Here at TU, we spend a lot of time talking about watersheds.
We conservation nerds can find the most befuddling things to occupy the hours of the day. But, much to the dismay of our poor, bored-to-tears spouses and significant others, this notion we love so much here – the idea of protecting quality, connected, large-scale chunks of habitat – is catching on.
And it’s a good thing, too.
Case in point: the community reaching out to preserve Hermosa Creek in Colorado.
Located just outside the town of Durango, Hermosa Creek is a completely intact watershed with exceptional recreation values. Think rugged 13,000 foot peaks, high alpine meadows, pine, fir and aspen forests, crystal clear water and you’ll start to get a sense of this place.
Home to a native Colorado River cutthroat trout reintroduction program and some of the finest elk habitat in Colorado, Hermosa Creek is a sportsmen’s paradise. For OHV enthusiasts, mountain bikers, campers, hikers, photographers and backpackers, Hermosa Creek offers some of the best…and within just a few miles of a major community.
With this in mind, locals formed a working group, the River Protection Workgroup, which spent 22 months crafting a blueprint for future management of this little gem. This proposal was not built in a D.C. office, but instead as a function of local, stakeholder-driven collaborative. Everyone had a seat at the table and the consensus recommendations reflect a broad group of interests.
With that blueprint in hand, Sen. Michael Bennet. introduced the Hermosa Creek Watershed Protection Act of 2012. This legislation will maintain the quality of the habitat through a balance of protections and allowances to keep many things just as they are today. It’s the best of both worlds – sensitive habitat gets preserved and users still get to enjoy the landscape as they already do.
Just a few highlights:
- About 108,000 acres of the San Juan National Forest will be designated as the Hermosa Creek Special Management area (SMA), meaning it will have more protection than any old chunk of National Forest. The key here are the boundaries, which are drawn to encompass the entire watershed – no whittling out small bits that later have to be put together like a some hackneyed puzzle where the pieces don’t quite fit together anymore. In this fantastically fantastic instance (can you tell how giddy we are about this?) we’re talking the WHOLE puzzle.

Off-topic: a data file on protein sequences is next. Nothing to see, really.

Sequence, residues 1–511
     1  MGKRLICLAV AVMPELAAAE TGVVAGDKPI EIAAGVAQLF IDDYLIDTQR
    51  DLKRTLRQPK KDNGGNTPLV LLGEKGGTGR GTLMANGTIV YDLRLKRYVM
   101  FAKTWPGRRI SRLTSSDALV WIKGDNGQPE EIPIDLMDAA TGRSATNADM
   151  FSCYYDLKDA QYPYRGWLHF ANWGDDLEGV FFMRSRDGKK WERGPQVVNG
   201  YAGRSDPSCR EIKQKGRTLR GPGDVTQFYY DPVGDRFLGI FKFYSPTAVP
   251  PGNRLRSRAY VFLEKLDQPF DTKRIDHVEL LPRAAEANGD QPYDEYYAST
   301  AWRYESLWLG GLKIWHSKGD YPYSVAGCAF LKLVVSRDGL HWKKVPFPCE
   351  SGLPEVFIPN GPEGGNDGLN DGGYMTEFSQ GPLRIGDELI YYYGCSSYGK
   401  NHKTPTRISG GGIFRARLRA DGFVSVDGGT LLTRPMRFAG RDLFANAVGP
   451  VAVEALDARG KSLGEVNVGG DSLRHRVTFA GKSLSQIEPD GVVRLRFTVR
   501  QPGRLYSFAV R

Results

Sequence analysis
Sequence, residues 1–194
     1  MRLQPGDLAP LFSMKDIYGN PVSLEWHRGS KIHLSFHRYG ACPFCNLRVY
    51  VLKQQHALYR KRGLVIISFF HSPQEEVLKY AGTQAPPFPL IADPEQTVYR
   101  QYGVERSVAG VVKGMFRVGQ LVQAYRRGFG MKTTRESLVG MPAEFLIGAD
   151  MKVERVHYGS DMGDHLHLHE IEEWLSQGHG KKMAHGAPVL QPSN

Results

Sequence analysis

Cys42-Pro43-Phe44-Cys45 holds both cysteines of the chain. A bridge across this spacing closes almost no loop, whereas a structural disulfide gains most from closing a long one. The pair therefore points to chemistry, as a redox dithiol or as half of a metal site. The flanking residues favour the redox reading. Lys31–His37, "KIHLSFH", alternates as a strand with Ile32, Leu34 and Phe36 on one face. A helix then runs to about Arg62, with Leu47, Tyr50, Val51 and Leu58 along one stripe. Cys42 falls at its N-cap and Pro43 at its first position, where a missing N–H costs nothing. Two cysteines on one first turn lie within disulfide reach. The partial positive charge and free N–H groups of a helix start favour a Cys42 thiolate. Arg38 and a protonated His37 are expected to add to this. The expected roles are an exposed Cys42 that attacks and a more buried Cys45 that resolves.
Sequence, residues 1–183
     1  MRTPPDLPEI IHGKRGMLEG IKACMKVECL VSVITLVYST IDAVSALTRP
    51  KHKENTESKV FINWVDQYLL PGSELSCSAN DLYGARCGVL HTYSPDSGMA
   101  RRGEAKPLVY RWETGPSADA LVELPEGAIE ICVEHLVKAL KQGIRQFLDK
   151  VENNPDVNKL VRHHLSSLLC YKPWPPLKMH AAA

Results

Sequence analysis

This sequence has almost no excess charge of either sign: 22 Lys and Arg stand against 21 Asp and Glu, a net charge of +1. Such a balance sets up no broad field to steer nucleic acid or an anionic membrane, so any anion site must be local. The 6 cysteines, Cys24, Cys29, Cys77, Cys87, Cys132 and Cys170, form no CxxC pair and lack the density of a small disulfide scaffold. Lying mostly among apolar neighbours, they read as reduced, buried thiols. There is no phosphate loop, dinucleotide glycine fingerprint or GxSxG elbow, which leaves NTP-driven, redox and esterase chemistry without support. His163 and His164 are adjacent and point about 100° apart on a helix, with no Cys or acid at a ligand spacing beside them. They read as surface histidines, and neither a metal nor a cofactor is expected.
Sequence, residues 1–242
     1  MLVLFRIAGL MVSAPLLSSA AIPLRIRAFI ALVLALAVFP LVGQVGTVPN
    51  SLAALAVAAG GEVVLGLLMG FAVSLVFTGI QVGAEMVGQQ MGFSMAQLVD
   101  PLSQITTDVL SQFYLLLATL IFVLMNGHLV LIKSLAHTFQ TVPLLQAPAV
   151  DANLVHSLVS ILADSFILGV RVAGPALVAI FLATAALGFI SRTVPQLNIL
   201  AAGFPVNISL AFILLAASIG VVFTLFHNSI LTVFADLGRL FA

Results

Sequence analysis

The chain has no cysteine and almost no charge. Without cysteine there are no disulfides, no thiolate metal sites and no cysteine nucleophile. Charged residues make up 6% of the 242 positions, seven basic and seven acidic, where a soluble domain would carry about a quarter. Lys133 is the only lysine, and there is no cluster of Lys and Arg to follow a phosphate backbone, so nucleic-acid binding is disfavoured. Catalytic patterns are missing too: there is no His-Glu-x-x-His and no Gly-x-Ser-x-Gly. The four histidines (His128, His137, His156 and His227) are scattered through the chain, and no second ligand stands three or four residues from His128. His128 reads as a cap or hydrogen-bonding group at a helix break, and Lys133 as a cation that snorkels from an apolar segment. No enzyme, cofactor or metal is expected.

- Of that acreage, some will receive more stringent protections, some less. For example, 25 percent of the area will allow current and historical uses such as mountain biking, motorized recreation, selected timber harvesting, grazing etc.
- 40 percent of the acreage will allow those activities to take place, but will no longer be eligible for future building of roads or timber harvesting, meaning more land will be able to stay just as it is today.
- All of the SMA, save for about 2,000 acres will be withdrawn from future mineral development.
- The remaining 35 percent will be designated as wilderness.
Bottom line? This is common-sense approach from the people, for the people – a collective forward step by a community that will protect a special corner of their own backyard.
The genius behind this kind of legislation is that it takes the entire watershed into consideration, thereby taking into account a basic principle that we all too often forget: All things are connected. By taking the initiative to protect the entire watershed, this community is taking an innovative approach to conservation. You can’t protect one portion of habitat if you don’t protect the things connected to it – i.e. what good is protecting a fish if there is no water for that fish?
So next time you overhear one of those conservation nerds utter those buzz killing phrases – watershed…habitat…permanent protection…collaborative process…federally designated lands - don’t glaze over. Throw them a bone. Listen with a content smile on your face and happy heart. They’re doing good things for you.
And little-by-little, it’s catching on. Just ask the folks over in Hermosa Creek.